Following a catastrophic accident, an attorney can help you determine whether you deserve compensation for your injuries and how to seek it. Get in touch with a South Carolina catastrophic injury attorney as soon after your accident as possible to get vital help with your claim, including answers to many of the questions you may have about the compensation you deserve.
Average Compensation for South Carolina Accidents Resulting in Catastrophic Injury
Catastrophic injuries generally lead to high, ongoing medical expenses and challenges that can impact every area of the victim’s life. Due to your injuries, you may lose the ability to work, struggle to engage in your usual hobbies, and even lose relationships and connections with the people you love due to the immense changes in your life.
How much compensation do you deserve? While the insurance company that covers the liable party likely has a clear standard for how much compensation you can receive for your losses, no legal guideline exists that will establish exactly how much compensation you can get for your injuries. Most of the time, victims of catastrophic injuries divide their claims into clear categories based on their losses related to the accident.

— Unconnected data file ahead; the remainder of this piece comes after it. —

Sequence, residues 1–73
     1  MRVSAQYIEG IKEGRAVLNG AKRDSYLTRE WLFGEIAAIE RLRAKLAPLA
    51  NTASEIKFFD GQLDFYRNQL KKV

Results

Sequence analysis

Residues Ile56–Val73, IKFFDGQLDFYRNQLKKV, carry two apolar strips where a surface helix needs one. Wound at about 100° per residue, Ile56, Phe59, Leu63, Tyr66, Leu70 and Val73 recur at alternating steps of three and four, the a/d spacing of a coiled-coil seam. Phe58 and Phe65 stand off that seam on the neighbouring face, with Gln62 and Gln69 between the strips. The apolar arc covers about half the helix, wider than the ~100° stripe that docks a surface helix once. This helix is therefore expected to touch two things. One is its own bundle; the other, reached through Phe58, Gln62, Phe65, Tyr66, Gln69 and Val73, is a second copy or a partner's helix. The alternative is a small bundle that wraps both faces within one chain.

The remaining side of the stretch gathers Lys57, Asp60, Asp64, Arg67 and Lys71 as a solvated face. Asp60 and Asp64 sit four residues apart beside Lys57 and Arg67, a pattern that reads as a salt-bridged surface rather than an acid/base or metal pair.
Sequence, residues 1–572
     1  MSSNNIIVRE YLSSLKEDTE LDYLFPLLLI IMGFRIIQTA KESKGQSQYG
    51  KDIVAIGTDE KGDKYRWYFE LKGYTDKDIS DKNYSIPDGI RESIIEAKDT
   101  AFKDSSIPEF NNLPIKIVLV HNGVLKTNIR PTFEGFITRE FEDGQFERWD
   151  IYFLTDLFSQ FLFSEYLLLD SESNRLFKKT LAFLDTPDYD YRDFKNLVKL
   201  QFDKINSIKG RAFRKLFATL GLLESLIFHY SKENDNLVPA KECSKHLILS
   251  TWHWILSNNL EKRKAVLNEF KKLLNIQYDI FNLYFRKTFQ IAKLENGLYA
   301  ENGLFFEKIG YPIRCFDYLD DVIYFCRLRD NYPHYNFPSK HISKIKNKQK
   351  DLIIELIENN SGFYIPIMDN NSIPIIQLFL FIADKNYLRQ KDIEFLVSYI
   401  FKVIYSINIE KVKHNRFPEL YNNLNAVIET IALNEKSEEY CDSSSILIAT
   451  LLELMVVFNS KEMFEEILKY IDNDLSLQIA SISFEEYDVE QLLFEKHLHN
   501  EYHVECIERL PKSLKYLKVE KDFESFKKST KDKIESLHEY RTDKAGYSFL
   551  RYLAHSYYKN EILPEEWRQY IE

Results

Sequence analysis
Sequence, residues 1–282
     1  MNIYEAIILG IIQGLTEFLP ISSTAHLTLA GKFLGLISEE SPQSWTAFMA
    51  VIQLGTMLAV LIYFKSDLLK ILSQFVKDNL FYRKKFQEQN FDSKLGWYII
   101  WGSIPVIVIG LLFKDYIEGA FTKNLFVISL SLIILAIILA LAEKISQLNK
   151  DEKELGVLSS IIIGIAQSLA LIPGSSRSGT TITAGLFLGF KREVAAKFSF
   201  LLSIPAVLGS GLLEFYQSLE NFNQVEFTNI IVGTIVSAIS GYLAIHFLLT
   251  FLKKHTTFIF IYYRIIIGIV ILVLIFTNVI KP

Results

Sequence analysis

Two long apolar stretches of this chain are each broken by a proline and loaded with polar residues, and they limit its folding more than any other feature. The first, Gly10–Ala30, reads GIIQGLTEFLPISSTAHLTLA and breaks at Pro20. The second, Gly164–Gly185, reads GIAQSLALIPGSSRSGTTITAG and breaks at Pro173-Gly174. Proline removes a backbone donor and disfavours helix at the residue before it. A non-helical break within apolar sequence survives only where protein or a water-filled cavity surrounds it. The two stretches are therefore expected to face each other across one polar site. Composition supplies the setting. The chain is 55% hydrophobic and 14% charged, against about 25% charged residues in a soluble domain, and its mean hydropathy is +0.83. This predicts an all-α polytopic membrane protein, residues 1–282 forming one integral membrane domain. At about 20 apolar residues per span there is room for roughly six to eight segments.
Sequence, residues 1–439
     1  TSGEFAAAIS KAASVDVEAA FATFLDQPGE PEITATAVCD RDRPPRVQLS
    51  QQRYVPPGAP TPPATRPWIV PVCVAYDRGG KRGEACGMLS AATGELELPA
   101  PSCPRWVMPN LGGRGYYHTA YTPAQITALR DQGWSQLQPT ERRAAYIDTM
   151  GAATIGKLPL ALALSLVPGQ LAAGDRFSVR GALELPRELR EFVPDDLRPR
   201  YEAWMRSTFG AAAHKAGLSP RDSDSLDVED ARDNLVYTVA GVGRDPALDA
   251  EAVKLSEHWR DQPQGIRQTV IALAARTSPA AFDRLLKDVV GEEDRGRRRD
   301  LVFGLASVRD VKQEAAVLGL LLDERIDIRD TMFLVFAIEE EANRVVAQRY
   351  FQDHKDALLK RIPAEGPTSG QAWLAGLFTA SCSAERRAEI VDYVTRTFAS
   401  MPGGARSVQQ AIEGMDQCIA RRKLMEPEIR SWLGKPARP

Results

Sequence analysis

Medical expenses. For many victims, medical expenses following catastrophic injuries cause severe financial challenges. While medical insurance can help cover some of those expenses, you may find your costs mounting quickly. Emergency medical treatment could represent only the beginning of your medical costs. If you have catastrophic injuries, you will likely have a long stay in the hospital.
Burn victims, in particular, may need to stay in a special unit designed to reduce the risk of infection, while victims with traumatic brain injury may need round-the-clock care to help with self-care or to prevent them from making devastating decisions due to a lack of impulse control. You may also face substantial expenses due to ongoing follow-up visits or therapy designed to help you regain strength and flexibility following your accident.
In addition to the clear medical costs that you face as a result of your visits with doctors and therapists, you may also have transportation costs or need to factor in the cost of modifications to your home to allow for independence and function following your accident. You may, for example, find that you need to widen doorways or change your bathroom to make it easier for you to keep up with self-care tasks after your accident.